Epidemics are catastrophic for humans, and it turns out they aren’t much better for healthcare companies. The number of confirmed cases of the new coronavirus has multiplied more than 80-fold over three weeks despite measures such as travel bans, and exceeded 45,000 across 26 countries on Wednesday, according to researchers at Johns Hopkins University. Tests and treatments are in demand. Yet past events like SARS show slow research, high production costs and political pressure on pricing often add up to disappointing returns.
Tests for the virus now called SARS-CoV-2 are here. These are vital for diagnosing, isolating carriers, and tracking exposure. Meridian Bioscience saw its stock pop on news it had developed a test, but the shares then dropped as investors realized Roche, Qiagen and others would all fight for thin margins. So far, none of the stocks has moved much.
A treatment has better profit potential, as competition probably will be limited. The snag is, proving a drug’s effectiveness typically takes years. There are already multiple trials started using existing anti-viral treatments, and potential new drugs by Gilead Sciences and Regeneron Pharmaceuticals have begun testing, or will soon. Even if one company hits the jackpot, production can be a problem. Flu fears in 2009 made Roche’s Tamiflu a blockbuster. But securing enough production of spice star anise to make the drug proved troublesome.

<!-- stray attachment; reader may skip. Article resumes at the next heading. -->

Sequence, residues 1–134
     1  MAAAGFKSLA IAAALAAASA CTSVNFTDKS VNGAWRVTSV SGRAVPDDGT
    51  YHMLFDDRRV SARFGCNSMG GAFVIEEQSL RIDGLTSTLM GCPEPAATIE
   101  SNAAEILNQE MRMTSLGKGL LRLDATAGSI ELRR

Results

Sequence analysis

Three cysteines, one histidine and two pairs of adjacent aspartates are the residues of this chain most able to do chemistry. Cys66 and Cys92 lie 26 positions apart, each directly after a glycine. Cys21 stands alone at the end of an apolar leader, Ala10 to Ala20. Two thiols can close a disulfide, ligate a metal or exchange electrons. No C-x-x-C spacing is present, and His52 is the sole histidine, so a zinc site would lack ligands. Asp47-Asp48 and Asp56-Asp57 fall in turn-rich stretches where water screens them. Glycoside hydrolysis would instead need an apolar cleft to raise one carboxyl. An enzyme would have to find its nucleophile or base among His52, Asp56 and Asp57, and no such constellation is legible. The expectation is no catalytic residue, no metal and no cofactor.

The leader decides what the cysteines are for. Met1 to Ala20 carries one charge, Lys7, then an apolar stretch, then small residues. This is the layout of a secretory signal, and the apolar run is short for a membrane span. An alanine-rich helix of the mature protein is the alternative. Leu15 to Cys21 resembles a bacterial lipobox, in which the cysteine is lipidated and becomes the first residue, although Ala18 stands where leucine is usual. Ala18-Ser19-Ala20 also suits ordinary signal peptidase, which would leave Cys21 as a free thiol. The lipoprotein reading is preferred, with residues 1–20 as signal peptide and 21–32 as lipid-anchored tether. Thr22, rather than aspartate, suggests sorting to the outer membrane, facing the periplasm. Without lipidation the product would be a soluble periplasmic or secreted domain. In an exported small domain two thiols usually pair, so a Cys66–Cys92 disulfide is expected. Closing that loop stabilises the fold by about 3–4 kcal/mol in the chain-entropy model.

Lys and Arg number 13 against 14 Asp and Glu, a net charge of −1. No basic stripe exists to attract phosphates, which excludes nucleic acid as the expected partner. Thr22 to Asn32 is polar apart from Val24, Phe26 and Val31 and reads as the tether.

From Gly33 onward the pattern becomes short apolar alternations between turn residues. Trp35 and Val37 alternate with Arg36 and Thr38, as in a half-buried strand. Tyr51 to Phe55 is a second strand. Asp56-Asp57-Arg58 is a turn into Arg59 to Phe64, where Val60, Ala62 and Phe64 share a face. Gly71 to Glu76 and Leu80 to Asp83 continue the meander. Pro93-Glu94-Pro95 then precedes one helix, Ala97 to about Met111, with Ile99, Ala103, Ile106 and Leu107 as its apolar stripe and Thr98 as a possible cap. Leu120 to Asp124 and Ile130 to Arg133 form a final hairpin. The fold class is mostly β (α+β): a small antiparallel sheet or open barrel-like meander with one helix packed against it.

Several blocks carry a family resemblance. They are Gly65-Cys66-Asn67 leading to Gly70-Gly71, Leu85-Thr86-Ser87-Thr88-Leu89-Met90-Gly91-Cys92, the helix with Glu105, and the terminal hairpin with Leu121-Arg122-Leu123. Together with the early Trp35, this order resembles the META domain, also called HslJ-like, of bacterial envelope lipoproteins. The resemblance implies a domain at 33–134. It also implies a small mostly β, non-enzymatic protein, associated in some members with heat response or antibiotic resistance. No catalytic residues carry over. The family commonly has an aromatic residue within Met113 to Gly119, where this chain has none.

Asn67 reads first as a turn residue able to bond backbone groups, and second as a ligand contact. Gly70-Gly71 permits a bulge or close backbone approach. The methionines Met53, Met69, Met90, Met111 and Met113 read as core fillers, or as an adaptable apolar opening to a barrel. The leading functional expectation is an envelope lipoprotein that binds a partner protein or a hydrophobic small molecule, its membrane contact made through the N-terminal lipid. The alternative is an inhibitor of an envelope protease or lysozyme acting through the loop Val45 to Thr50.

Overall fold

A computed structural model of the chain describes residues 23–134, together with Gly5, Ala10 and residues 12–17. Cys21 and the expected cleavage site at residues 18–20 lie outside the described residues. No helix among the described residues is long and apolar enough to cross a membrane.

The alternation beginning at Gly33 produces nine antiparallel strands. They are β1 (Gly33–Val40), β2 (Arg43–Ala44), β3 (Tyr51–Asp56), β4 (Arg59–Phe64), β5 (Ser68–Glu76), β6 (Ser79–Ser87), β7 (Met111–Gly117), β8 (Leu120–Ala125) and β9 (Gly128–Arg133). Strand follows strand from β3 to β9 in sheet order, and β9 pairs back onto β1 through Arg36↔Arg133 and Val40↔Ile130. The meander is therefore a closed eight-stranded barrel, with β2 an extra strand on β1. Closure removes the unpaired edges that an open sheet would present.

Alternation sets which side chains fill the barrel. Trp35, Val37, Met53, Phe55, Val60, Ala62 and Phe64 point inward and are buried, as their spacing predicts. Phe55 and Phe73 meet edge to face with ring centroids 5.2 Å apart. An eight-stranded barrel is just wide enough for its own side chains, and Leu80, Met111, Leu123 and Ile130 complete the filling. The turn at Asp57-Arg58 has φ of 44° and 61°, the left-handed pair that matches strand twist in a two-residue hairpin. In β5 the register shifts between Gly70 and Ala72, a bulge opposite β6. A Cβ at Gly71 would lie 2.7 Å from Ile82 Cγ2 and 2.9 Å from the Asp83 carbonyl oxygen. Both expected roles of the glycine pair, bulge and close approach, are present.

The best long-term hope for coronavirus control is a vaccine. Old-school giant Novartis, biotechnology outfit Moderna and others want to make one. But drug development is hard, and vaccines can be particularly tricky due to viral mutation. World Health Organization chief Tedros Adhanom Ghebreyesus said on Tuesday a vaccine might be available in 18 months, a long way off even assuming no hiccups. Vaccines can be profitable for endemic diseases – Pfizer sold $1.6 billion of a pneumonia vaccine last year. But the outbreak of Severe Acute Respiratory Syndrome in 2003 flared up and hasn’t been seen in humans since. SARS-CoV-2 might follow the same path.
Meanwhile, selling successful treatments at high prices can be a public relations nightmare – and that’s if diseases don’t disappear before they hit the market. One small biotech licensed its Ebola vaccine to Merck. Regulators gave it the green light, but it has never been a big seller. In short, defeating the coronavirus is more likely to bring publicity than profit.